Speaking of the most commonly encountered difficulties during academic writing, Dr. Allen Jr says, “‘The art of writing is the art of applying the seat of the pants to the seat of the chair.’- My Heaton Vorse to Sinclair Lewis in 1911. During my time as a research fellow from 2007-2009, this quote was brought up by the lab manager, and I cannot agree more. Writing takes patience, time and dedication. The hardest thing for me is taking the time to sit down, be in the moment and thoughtfully put the history, data, results together in an organized manner that seamlessly supports my conclusions to the reader.

Furthermore, Dr. Allen Jr stresses that it is critical to follow reporting guidelines (e.g., STROBE, CONSORT, etc.) during preparation of a paper, for they have been put in place to improve the scientific process and guide both researchers and readers on the strength of their scientific conclusions. Not all studies are created equal with the randomized controlled trials being the gold standard. This is not to say that other study designs like case series or observational studies do not have their place in the literature because they most certainly do. However, these guidelines are an excellent resource in ensuring that the best evidence is used in treating one’s patients.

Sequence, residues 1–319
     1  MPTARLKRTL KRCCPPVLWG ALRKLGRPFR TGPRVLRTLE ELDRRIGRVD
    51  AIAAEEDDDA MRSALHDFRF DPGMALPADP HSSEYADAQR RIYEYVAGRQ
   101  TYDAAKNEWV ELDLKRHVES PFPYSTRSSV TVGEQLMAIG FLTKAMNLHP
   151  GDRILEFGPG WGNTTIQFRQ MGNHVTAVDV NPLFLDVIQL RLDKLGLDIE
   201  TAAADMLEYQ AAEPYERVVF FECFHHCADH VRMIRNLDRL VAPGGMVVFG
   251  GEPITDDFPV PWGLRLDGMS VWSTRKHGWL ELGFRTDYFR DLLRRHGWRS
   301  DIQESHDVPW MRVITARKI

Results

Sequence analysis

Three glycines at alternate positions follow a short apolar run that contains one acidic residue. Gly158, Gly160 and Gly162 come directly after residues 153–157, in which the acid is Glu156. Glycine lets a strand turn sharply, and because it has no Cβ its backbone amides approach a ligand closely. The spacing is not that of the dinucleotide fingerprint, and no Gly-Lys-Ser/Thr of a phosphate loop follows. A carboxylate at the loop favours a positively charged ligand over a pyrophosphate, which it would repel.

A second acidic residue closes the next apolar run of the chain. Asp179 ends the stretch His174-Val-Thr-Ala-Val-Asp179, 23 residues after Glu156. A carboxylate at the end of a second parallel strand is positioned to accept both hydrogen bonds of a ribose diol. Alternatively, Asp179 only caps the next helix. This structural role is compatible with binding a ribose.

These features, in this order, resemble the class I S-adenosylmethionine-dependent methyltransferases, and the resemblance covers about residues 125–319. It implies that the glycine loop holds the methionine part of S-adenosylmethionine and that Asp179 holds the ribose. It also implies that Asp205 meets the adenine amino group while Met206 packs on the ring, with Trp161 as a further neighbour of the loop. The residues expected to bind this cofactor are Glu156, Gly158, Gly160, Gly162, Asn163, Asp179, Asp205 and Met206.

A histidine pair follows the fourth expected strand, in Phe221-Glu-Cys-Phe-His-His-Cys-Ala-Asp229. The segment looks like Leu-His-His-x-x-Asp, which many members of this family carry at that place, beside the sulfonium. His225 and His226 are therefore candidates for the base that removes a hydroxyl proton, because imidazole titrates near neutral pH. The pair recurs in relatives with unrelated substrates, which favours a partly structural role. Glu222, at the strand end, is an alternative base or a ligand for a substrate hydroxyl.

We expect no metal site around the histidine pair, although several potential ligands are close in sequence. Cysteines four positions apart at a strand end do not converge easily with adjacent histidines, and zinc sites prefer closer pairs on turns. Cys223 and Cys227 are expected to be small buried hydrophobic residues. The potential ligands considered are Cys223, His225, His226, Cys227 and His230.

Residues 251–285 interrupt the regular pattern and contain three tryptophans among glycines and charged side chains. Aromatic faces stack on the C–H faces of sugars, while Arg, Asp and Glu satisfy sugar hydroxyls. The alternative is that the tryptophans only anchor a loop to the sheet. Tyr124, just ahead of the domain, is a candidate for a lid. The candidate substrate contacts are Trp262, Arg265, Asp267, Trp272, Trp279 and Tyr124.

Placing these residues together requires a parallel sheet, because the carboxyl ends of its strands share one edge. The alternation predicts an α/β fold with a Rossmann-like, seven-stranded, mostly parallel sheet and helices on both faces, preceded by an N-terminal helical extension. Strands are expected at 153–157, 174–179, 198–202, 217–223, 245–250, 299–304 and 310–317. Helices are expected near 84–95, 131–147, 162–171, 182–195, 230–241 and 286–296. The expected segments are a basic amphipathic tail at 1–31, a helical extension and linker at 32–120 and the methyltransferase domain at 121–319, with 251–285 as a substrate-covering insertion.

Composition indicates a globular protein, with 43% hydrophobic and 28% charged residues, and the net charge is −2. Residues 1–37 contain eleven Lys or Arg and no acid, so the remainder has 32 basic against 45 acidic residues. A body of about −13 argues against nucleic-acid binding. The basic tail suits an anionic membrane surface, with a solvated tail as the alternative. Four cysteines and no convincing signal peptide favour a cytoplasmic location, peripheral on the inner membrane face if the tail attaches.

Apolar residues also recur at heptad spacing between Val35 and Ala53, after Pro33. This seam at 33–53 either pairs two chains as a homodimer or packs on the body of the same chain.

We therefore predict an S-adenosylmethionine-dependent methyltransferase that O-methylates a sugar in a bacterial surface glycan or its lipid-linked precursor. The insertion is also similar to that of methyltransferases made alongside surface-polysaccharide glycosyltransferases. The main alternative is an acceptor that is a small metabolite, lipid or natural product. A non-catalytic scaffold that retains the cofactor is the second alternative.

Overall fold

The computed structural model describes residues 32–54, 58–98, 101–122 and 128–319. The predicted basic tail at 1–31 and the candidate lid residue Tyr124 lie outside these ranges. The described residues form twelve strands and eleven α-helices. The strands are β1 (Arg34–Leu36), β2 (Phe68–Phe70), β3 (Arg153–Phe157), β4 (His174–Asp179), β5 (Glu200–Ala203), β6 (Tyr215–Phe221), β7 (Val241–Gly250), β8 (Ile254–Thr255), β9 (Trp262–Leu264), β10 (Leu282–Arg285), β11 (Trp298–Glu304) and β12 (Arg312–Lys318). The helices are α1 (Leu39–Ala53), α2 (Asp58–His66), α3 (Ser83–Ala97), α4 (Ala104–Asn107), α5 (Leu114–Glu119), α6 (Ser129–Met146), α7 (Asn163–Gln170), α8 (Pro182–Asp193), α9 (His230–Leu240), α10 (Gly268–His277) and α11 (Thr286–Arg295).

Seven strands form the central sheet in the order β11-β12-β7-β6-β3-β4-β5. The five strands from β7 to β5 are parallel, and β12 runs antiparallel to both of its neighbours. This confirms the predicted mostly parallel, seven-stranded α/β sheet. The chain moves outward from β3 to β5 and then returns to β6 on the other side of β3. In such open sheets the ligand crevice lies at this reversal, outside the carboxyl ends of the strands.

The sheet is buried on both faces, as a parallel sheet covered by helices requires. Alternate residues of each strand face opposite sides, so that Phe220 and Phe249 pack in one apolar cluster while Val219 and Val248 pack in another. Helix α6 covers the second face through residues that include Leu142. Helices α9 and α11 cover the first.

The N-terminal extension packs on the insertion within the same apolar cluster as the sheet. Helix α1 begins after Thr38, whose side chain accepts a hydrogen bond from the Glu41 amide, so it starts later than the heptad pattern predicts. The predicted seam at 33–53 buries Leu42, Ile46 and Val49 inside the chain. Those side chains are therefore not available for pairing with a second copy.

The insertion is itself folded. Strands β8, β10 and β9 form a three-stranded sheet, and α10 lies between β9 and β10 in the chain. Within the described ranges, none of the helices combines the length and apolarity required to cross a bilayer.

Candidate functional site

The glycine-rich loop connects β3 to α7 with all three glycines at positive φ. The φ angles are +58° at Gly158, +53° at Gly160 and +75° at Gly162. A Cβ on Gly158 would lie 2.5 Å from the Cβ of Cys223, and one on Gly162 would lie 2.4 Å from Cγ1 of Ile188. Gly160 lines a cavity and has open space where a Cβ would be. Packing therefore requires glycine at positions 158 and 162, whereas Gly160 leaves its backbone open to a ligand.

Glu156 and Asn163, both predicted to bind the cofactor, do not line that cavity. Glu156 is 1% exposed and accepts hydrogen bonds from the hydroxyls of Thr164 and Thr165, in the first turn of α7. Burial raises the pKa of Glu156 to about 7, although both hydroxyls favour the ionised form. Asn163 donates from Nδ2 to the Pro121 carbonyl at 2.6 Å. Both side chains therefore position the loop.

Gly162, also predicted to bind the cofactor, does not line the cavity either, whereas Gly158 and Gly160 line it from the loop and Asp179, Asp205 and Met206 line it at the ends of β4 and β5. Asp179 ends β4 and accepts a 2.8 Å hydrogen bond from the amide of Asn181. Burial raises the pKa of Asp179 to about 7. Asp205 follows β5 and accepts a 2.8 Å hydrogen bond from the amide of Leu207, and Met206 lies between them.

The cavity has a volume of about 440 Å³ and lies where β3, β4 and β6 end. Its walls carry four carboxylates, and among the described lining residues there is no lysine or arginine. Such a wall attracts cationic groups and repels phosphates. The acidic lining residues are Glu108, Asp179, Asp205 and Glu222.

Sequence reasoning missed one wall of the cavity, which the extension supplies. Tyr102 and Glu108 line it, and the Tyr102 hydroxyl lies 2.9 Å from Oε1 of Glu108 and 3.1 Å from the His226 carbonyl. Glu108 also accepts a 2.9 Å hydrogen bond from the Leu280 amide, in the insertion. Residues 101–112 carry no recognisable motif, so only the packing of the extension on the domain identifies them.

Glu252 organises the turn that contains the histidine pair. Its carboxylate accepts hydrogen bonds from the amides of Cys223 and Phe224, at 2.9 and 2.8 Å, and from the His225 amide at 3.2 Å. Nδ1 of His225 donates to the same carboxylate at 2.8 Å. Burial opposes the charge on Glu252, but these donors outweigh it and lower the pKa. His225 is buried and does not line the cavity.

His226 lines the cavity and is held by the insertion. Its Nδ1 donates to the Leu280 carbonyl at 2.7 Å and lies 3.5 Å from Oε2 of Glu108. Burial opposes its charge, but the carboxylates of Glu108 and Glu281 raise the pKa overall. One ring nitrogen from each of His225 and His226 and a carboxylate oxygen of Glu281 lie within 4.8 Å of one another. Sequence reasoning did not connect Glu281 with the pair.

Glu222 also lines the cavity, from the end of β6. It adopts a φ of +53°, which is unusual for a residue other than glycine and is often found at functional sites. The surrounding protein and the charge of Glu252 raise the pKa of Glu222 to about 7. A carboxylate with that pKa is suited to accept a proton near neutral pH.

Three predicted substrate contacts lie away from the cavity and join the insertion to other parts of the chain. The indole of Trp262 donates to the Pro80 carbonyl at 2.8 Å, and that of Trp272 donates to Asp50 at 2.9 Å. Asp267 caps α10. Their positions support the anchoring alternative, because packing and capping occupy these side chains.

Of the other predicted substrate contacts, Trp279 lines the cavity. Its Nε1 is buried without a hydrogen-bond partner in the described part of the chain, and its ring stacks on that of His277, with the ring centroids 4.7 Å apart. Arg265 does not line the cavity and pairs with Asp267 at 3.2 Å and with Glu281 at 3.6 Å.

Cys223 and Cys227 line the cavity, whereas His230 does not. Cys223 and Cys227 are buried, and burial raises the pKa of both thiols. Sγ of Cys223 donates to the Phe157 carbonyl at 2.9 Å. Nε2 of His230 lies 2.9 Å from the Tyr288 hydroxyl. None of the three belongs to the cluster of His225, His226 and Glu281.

Finally, Dr. Allen Jr further shares his point of view upon academic writing, “I always find the beginning of the journey in academic writing to be the most fun. The pioneers in reconstructive surgery has to overcome so many obstacles to care for their patients, and the evolution of this process is so enlightening. My father likes to say, ‘There is nothing new under the sun.’ This is taken from Ecclesiastes 1:9 in the Old Testament - ‘What has been will be again, and what has been done will be done again; there is nothing new under the sun.’ Such a fun quote, especially in the field of Plastic Surgery, where personal expression and surgeon preference are the names of the game. While we all aim to be pioneers, we cannot fully grasp where we are going unless we understand where we all come from.

(By Inga Chung, Brad Li)

Edward Ray

Edward Ray, MD, is an Associate Professor of Surgery and Director of the Microsurgery Fellowship at Cedars-Sinai Medical Center, USA. He is board-certified in both General Surgery and Plastic & Reconstructive Surgery and completed a Microsurgery Fellowship at Memorial Sloan-Kettering Cancer Center. His research focus includes the use of artificial intelligence and machine learning to solve problems in diagnosis and management of reconstructive surgical problems such as lymphedema, craniofacial surgery, and breast reconstruction. He also has an interest in technology and innovation, developing novel mobile applications for specific needs within the plastic surgery community. His clinical focus includes both breast reconstruction and gender-affirming surgery, serving as the director of gender-affirming plastic surgery.